A Brief History of Internet Gaming

[While trying to help one of my nieces with a school project, I dug up the bit I contributed to EGM’s award-winning Future of Videogames piece from early 2007. But after looking at it again, I realized they had to cut my Brief History of Internet Gaming sidebar down quite a bit to fit it into the mag. This is the original version.]

1969The first ARPANET link is created, building the first strand in what would eventually become the Internet.

1978 – The first multi-user dungeon (MUD) is created. Little more than a customizable chatroom, the MUD is nevertheless the predecessor to today’s MMORPGs.

1985 – Quantum Computer Services launches Quantum Link, an online hub for the Commodore 64, featuring simple multiplayer board games. The service is later renamed America Online.

1991 – Neverwinter Nights, the first MMORPG with graphics, is launched on AOL. It costs $6 an hour to play. Its server capacity: 50 players.

1996 – Quake is released, shortly followed by QuakeWorld, a client for playing the game over the Internet. The era of the online FPS is born.

1997 – Ultima Online is launched. 100,000 subscribers sign up within the first six months, only to be brutally PKed and have their boats stolen.

1998 – The Dreamcast is released in Japan, becoming the first game console to launch with a built-in modem. Also, the last.

1999 – EverQuest and Asheron’s Call are launched, completing (with UO) the unholy triumvirate that has strongly influenced MMORPGs to this day.

2002 – Xbox Live is launched on the original Xbox, setting new standards for communication both in-game (with standardized voice chat) and cross-game (with a unified login and friend list). PS2 and Gamecube also debut online functionality, but neither approaches XBL in popularity.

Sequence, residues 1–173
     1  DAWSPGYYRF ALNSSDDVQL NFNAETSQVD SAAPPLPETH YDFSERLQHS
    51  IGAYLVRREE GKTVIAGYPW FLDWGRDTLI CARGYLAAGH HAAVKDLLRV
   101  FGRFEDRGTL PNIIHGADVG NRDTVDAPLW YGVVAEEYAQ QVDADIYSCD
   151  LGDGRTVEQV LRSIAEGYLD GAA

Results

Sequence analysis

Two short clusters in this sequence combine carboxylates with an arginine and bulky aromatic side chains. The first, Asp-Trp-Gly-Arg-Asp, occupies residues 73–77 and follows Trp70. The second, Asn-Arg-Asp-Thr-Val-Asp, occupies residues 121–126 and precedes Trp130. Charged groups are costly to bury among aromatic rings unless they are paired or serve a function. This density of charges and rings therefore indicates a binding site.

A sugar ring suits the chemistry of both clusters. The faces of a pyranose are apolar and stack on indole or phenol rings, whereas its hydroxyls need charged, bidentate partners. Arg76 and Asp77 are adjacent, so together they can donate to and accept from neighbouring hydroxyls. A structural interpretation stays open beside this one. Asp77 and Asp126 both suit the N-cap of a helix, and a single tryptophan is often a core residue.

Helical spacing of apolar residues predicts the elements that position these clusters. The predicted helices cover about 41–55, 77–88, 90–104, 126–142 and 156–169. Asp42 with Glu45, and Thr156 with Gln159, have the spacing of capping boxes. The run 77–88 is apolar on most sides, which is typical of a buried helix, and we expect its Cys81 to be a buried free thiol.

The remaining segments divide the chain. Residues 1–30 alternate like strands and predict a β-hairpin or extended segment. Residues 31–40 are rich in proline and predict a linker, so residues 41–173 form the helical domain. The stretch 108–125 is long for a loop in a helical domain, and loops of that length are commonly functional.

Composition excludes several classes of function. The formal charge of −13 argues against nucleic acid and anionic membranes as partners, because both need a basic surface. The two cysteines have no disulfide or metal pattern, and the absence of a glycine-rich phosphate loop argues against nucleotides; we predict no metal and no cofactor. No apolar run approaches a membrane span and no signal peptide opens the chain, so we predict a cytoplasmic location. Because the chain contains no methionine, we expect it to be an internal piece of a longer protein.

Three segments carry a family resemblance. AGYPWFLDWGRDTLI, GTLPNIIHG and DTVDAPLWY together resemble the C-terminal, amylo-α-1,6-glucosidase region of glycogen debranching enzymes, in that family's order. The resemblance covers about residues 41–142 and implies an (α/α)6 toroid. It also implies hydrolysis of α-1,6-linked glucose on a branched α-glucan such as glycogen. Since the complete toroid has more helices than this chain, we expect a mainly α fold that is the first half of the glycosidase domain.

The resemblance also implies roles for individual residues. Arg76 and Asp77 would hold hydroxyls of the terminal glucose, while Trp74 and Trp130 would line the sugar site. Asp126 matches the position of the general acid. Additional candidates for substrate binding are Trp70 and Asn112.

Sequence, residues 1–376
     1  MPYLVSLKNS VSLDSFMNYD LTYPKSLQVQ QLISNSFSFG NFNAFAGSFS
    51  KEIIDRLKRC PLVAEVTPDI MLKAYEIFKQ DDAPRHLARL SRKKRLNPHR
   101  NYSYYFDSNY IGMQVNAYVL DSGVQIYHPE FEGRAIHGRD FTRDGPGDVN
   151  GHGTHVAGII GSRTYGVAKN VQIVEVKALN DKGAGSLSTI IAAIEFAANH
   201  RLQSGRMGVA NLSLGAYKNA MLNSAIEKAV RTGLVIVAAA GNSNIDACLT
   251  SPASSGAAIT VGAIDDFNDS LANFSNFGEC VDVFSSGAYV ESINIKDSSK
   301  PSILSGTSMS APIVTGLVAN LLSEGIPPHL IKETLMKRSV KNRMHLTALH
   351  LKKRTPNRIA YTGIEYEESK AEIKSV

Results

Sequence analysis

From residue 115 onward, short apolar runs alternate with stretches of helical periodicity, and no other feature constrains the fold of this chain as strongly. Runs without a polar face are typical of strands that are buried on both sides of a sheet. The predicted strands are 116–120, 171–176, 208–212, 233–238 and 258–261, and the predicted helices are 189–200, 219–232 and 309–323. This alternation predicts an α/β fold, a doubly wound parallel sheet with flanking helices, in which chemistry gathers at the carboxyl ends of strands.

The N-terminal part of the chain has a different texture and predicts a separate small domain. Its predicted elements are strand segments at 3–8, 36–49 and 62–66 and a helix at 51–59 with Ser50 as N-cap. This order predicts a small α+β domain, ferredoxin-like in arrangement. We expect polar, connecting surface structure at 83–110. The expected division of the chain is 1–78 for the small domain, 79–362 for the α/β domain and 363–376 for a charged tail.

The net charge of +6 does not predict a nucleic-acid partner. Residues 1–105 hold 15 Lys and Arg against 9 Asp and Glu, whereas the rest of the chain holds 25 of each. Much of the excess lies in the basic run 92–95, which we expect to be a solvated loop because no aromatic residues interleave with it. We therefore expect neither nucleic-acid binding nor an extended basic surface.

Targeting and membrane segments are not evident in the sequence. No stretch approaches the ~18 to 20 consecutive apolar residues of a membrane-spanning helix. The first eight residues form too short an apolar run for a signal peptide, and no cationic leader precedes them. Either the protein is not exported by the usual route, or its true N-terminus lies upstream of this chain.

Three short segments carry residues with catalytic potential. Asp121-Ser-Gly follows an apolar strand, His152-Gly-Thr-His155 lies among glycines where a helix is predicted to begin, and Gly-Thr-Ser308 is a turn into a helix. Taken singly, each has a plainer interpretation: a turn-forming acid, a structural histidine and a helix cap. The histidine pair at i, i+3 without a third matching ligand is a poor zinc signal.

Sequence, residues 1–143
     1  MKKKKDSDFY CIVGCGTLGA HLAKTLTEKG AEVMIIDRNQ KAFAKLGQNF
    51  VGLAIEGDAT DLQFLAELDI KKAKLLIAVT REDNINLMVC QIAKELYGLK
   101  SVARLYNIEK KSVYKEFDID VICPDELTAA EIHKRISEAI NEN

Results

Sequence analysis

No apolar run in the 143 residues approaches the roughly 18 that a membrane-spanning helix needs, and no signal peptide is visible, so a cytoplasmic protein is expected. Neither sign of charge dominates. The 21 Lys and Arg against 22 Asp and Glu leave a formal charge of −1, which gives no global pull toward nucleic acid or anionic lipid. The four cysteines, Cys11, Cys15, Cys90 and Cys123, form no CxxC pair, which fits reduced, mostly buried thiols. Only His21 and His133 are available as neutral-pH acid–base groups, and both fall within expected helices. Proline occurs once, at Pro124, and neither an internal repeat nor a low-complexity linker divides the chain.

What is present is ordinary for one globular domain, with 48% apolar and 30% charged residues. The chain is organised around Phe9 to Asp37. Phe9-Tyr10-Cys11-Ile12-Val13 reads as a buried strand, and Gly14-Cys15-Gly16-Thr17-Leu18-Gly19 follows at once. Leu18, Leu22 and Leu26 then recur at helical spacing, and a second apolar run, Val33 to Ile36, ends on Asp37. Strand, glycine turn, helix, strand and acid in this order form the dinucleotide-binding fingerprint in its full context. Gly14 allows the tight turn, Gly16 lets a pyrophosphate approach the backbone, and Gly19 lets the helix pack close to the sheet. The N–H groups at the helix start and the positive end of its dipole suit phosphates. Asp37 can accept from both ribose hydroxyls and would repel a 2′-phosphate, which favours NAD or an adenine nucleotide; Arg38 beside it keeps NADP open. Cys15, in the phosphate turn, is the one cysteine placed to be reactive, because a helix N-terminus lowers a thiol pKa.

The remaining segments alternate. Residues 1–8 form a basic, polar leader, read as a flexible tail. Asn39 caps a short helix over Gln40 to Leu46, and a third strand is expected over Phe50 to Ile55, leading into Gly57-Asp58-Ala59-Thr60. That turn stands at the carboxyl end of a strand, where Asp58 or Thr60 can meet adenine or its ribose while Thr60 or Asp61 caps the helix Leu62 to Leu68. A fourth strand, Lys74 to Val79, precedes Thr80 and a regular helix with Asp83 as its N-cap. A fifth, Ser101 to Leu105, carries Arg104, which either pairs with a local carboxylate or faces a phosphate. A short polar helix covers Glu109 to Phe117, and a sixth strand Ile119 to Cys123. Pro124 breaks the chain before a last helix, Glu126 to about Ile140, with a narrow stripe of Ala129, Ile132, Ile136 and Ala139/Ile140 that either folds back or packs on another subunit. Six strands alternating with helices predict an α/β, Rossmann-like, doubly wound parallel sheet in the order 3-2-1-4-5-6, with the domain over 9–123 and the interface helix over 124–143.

2003 – EverQuest is ported to PS2 in the form of EverQuest Online Adventures. The gaming world notices, yawns, and goes back to hunting for new Final Fantasy XI screens.

2004 – Halo 2 is released, featuring one of the most popular online components in any console game. Within the next two years over half a billion games of Halo 2 will be played online. Also this year: World of Warcraft launches. You may have heard of it.

2006 – PS3 and Wii are launched. Xbox Live takes note of the systems’ respective online offerings, heaves a sigh of relief, and returns to lounging on its jewel-encrusted throne.

2007 – Halo 3 launches. A crippled Internet limps along under the strain of a few million players all getting online at the same time.

2008 – “Internet2” is completed, offering researchers and universities 100 Gbps transfer speeds.

2009 – Debut of 100-Gbps streaming porn.

2010 – Most metropolitan areas now offer free Wi-Fi within city limits. All that shared bandwidth makes users nostalgic for the dial-up days.

2029 – The Internet, now self-aware, sends a T-800 back in time to kill Sarah Connor.

2050 – Humans move to an internet-only existence, uploading their brains to permanently live in the electronic world.

2112 – Attention, all planets of the Solar Federation: We have assumed control.